In depressed job markets, where job hunters vastly outnumber job openings, there are people who try to profit at desperate job hunters' expense. There are "headhunters" who charge for access to a "hidden job market." There are Web pages that charge searchers to see "top-dollar" job opportunities. There are scam artists who present job offers that are attempts to steal your identity. Even veteran job hunters sometimes get sucked in by the offer that looks too perfect to pass up. Repeat after me: If it looks too good to be true, it probably is.
Lyn Chitow-Oakes, an officer with TrustedID, an identity theft protection company, says work-at-home and pyramid business offers should send red lights flashing.
Overseas scam operators particularly are e-mailing people with offers to be their U.S. financial agents, she warns.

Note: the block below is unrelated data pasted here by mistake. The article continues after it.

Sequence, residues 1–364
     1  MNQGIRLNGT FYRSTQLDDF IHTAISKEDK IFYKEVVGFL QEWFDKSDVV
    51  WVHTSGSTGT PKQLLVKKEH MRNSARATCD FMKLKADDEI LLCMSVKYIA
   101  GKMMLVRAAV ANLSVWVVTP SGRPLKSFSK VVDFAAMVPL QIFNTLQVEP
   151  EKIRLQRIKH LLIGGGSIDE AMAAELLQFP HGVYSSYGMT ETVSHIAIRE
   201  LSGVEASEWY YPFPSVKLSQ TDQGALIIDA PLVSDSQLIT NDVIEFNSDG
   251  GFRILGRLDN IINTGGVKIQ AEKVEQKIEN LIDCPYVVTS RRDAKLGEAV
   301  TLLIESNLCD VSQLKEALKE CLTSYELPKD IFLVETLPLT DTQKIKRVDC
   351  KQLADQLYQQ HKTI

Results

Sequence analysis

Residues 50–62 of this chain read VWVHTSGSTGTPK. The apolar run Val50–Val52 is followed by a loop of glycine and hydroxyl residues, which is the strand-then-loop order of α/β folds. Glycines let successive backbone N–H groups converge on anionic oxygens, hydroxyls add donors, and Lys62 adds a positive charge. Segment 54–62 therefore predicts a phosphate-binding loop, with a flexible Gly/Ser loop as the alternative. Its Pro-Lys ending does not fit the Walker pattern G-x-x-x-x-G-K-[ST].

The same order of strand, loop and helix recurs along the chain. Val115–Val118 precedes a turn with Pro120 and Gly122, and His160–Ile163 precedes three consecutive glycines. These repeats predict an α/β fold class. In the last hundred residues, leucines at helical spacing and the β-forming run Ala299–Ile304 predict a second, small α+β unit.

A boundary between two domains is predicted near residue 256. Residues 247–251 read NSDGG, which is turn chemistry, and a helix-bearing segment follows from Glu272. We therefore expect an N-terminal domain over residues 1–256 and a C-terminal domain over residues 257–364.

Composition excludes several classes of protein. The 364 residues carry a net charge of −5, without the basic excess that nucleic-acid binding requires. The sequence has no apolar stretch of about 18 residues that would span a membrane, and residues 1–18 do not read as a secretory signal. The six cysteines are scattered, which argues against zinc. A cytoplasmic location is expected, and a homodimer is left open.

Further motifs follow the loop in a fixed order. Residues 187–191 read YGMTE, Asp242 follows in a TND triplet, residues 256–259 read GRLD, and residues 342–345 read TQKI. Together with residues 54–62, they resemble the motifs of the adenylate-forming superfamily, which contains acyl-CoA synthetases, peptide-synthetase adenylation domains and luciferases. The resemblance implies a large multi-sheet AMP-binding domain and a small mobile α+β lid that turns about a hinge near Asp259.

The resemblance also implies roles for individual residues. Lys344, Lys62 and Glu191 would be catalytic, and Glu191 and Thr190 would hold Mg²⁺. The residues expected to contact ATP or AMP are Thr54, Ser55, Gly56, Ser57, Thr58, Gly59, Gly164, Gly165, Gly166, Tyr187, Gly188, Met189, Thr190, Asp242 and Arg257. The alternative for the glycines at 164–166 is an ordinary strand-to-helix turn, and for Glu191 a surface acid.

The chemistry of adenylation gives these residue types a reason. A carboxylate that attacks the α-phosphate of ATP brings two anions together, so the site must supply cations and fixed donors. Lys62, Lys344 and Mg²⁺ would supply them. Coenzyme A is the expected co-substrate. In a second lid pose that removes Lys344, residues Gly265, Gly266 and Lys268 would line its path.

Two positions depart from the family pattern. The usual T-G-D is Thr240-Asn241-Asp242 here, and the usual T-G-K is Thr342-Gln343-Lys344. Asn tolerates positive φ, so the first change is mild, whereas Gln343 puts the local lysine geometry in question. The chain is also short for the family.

Do not even click on their come-ons!
You should always check out the veracity of the company that reached out to you before responding to any offer. Don't respond directly to the e-mail address or the Web page without checking into it first.
Can you find other evidence of the company's existence? Do an online search, get help from reference librarians, check the Better Business Bureau and your state attorney general's office. Look for news stories.
Never, ever fall for a pitch that asks for your Social Security number or any bank account information.
There are some legitimate work-from-home companies. If you're sure you've found one, ask to speak with some current employees and read their online employee chat boards. Most legitimate work-from-home employers will help you gain access.
And don't get sucked in by big income promises. Those often rely on getting others to buy into the sales system, too.
Chitow-Oakes suggests that when you post your resume on job boards, you can reduce the risk of your private information falling into evil hands if you use a separate e-mail address solely for your Internet-related job-hunting efforts.